Missgiraffe1 Wed 31-Jul-13 18:40:51

Wow, this thread has been an eye opener. Personally I think its reasonable to allow your child to stay at home rent free, with food, travel &other essentials (deodorant, shampoo etc) provided when they start uni. If you can afford it obviously. And it is a privilege to be able to do that for her. But I do now realise that I need rethink about her attitude towards money and her wants, rather than needs.
She is a fabulous girl in so many ways but I do now see that her expectations are ridiculous. Re the bathroom cleaning. We have 4, and it takes me over an hour to clean them! Am more than happy to pay someone to clean them so might as well be her.
And yes, I totally agree she should be pulling her weight more and am going to start addressing this (and without financial incentives!)
We bought her a block of driving lessons for her 17th. We said if we put her on the insurance, she would need to be responsible for all other lessons and test costs. Thanks to whoever gave a recommendation for a cheap company in this regard (sorry, on phone so can't scroll back)

Thanks all for your input. I am taking it on board. Am also feeling slightly down about her attitude hmm Much easier to prevent that to fix I suspect. Lesson learned for when DS gets older!!

ajandjjmum Wed 31-Jul-13 20:06:14

Missgiraffe
We all look at our DC from time to time (nomatter how much we love them), and think we did something wrong. But the fact is that you did a hell of a lot right too - she clearly loves and respects you - and you'll sort this out.

Missgiraffe1 Wed 31-Jul-13 20:22:10

Thank you aj. I know, but its hard to stomach the fact that she's practically pleading poverty at what we're willing to offer her! If only she knew how hard some people really have it.

ajandjjmum Thu 01-Aug-13 08:13:28

I once took my DS on a tour of the area I was born, and the places my DP and GP lived. It is a dire area - and was has become far worse over the years - fortunately I can't remember too much about living there.

I told DS how hard his GPs had worked to be able to move to a nice house, and give their family everything they could. And he sort of 'got' why it was important to keep working himself, as it would have been thoroughly ungrateful of him not to appreciate what sacrifices had been made (holidays - what are they?) to give him the life he has.

It gave him the required kick up the backside at GCSE time. Maybe you could think of a similar personal trip for your DD?

Gruntfuttocks Thu 01-Aug-13 08:21:08

My DS manages perfectly well on £50 a week, living away from home - that covers all his food and living expenses apart from accomodation, which he has taken a loan to cover. He earns what he can in the holidays to top up. I think £30 a week to live at home rent free is more than generous. Show her this thread?

PeriodMath Thu 01-Aug-13 08:32:10

Isn't part of the university experience learning some degree (excuse the pun) of independence? Living away from home, managing your money, your time etc... I don't see how your DD's situation could be construed as anything but a continuation of school.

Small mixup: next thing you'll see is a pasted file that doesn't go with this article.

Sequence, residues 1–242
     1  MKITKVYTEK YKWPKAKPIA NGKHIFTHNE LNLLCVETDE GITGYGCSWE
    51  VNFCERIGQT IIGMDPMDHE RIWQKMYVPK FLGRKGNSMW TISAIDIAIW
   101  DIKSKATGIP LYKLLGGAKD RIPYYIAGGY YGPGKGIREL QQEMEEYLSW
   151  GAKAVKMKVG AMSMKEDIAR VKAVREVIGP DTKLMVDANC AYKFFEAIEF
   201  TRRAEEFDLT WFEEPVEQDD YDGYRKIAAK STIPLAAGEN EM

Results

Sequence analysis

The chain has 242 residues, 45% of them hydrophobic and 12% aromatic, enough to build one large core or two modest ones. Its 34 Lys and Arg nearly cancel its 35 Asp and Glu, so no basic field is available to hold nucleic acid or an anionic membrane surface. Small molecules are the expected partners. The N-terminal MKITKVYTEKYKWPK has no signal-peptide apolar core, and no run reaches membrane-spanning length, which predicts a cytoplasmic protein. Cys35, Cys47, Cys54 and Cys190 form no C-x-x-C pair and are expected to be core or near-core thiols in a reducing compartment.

She is lucky she will have no money worries when it comes to fees, food and accommodation (unlike many) - you're going to give her pocket money too?

Seriously, in what way will university be a new departure for her? No uniform?

chocoluvva Thu 01-Aug-13 08:41:18

Aww - don't be too hard on yourself Missgirsffe1. It's only natural that she'll hope for/try for as much as she can get,especially when she sees her friends having a luxurious lifestyle.

I quite agree that it's acceptable to fund her living at home rent-free. Presumably she's not eligible for a SAAS bursuary. If she was, it would probably be different. Not trying to make a political point here - especially as I got a full grant to go to uni; couldn't have gone otherwise - but the government expects/requires parents to fund/subsidise their DCs higher education.

My DD and I have been having this conversation in advance of next year. I think she's quite shocked to discover that we REALLY can't afford to insure her on our car/pay for a 'leavers holiday' etc.

Hopefully your DD will begin to understand the value of money now that she's working. Once she has to choose how she spends her earnings hopefully. It'll be good for her to have to choose between an extravagant night out and something else for example.

I think you sound lovely, and its a question I am also having to ask myself at the moment, DD is having a GAP year then starting uni next year and she could live at home.

However, as hard as it is we need to let them become financially more independent, otherwise we are doing them absolutely no favours at all. We have decided that dd, like most other students will need to work part time to fund her clothes and social life it wont kill them and I also decided that she needs to go into halls for uni for two reasons. One, to allow her to become independent and two, to allow friendships and to get the most out of being a student. I know this is going to be expensive and we will help however we can, but I do think in the long run it will be a massive benefit to her.

I think these days it easier for us to shield them from the harsh realities of life, but are we actually doing them any favours really?

Notyetthere Thu 01-Aug-13 08:58:41